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Complex robotics in aircraft construction

22 January 2021

Industrial robots rotate a thousand times over several axes whilst riveting aircraft fuselage. To endure the movements, manufacturer LOXIN (ARITEX GROUP), relies on cable guides made of high-performance plastic – developed by the motion plastics specialist, igus.

Inconspicuous fasteners that safely hold the fuselage parts of the aircraft together are vital. In a task that takes weeks, skilled workers beat rivets into metal fuselages that weigh several tons. But why has this process not been automated? Because robots were not sophisticated enough. They needed more than just flexibility and they also had to master several work steps - from drilling and milling to riveting. They also needed it to have a precision of 0.2 millimetres.

Fuselage are riveted together by 6-axis robots from LOXIN

LOXIN succeeded in automating the riveting process. The multi-axis robots of the Spanish company work in the production division of a large aircraft manufacturer. The robots are mounted on platforms both sides of the fuselage. These can be raised up several metres high by linear units. Once at the required height, the robot, which weighs several tons, moves to the operating point with millimetre accuracy over six axes. It drills a hole in the metal, mills a recess for the rivet head, vacuums up the dust, applies a sealant and sets the rivet.

Challenge: cables have to withstand the complex movements

The engineers had to design the robots to be truly flexible. Six axes are used to move the head to reach all parts of the fuselage. The issue of energy supply was equally complicated. The tools on the robot's end effector are connected to numerous cables, energy, pneumatic and data. These cables must follow the contorted movements of the arm perfectly and at high speeds. 

Solution: 3D cable guides from Cologne ensure freedom of movement

LOXIN finally found what it was looking for in Germany. Igus has been developing cable guides for decades! The range includes, among others, the triflex series. These are hose-like protective cages made of wear-resistant high-performance plastic, which follow even the wildest three-dimensional movements of industrial robots. Inside, the cables for data, pneumatics and energy supply are securely fixed and protected against wear.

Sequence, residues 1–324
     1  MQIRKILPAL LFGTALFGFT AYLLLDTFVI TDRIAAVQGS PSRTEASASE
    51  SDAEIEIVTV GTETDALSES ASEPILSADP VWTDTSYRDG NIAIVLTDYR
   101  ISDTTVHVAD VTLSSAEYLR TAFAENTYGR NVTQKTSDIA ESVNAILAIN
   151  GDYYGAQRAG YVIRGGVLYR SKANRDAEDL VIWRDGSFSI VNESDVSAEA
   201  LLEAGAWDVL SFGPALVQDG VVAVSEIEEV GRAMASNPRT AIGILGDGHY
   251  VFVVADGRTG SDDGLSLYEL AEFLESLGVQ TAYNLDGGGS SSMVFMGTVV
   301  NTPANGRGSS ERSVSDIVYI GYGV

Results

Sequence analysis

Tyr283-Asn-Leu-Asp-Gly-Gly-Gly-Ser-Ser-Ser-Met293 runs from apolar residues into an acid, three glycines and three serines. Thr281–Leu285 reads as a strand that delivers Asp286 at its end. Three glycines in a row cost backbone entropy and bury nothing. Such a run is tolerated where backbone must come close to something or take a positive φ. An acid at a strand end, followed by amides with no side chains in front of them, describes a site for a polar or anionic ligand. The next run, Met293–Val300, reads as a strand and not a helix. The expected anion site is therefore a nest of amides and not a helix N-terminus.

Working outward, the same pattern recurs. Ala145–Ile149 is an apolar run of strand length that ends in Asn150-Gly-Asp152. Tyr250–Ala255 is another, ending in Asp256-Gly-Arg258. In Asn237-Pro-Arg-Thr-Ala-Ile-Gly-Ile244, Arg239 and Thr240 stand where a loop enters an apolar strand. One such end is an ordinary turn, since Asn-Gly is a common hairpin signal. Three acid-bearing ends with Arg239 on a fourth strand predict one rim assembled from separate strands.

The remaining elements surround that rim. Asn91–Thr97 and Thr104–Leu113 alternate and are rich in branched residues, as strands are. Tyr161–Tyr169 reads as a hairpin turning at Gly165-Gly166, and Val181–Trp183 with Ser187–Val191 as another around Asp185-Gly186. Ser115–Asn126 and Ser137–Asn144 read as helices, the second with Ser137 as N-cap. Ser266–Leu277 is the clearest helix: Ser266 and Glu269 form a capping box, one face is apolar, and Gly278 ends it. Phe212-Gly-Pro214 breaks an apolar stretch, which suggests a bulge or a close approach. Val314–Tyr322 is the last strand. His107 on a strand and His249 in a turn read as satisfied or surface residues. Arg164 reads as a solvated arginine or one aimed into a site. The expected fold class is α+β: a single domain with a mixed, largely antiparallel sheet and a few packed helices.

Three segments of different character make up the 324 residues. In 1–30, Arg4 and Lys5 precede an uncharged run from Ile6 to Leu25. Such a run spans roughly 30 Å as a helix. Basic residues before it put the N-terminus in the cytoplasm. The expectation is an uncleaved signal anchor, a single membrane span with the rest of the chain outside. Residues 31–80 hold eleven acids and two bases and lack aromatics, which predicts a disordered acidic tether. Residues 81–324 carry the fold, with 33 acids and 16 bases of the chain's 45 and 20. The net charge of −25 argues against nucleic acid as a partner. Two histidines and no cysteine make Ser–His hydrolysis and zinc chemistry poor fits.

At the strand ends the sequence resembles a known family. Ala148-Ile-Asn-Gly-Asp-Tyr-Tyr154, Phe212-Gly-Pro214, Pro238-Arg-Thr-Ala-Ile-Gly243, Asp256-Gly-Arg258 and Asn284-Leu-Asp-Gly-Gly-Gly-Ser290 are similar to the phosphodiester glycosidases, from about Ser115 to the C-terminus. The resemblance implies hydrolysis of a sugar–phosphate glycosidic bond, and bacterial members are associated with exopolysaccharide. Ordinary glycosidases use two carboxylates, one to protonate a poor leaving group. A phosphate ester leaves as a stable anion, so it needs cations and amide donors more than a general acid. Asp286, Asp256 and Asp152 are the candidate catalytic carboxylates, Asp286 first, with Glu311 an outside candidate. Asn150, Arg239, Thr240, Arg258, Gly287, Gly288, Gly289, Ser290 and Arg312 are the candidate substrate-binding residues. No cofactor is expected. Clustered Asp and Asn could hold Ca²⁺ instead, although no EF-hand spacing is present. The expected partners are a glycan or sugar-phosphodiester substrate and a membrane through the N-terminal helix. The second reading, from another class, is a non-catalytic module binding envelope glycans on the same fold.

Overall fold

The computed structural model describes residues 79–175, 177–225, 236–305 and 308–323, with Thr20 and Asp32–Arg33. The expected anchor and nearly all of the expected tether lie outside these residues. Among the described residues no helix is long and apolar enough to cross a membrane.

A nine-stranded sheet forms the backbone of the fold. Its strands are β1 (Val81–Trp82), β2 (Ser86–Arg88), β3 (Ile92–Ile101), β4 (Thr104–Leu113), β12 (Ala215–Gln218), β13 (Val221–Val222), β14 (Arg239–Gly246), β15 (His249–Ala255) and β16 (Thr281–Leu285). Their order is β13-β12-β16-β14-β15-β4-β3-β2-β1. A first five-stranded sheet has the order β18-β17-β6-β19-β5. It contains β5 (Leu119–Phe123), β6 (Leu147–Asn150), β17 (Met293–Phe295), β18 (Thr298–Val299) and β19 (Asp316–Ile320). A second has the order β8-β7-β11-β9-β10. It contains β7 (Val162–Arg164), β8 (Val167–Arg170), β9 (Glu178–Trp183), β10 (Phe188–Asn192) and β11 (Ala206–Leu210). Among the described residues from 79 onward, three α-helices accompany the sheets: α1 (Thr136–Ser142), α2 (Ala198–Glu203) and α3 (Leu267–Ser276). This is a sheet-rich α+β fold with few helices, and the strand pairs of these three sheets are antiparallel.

To ensure that the triflex energy chains mounted on the right and left of the arm move as close to the arm as possible and do not hit the aircraft, LOXIN uses the triflex RSE retraction system. If the robot arm returns to its original position after a movement, the mechanical system retracts the chain. 

The robot arm has full freedom of movement, without having the parts of the chain rub against each other or form loops. If a chain link reaches the end of its service life, it can be replaced in a few simple steps. By using the triflex chains in conjunction with the triflex RSE retraction system, LOXIN has also been able to achieve a better mobility of the robots. 

Energy chain allows circular movements of 540°

Another product used on the robot arm: the twisterchain, an igus energy chain that protects the cables from the base of the robot arm to the first axis. The chain moves in a guide trough. If the robot arm turns, the chain folds as the upper run of the chain rests on the lower run. The chain allows a circular movement of up to 540° at speeds of up to 1m/s. 

"We are very satisfied with the solution, as our plants now have less downtime," concludes Unai Martínez from LOXIN


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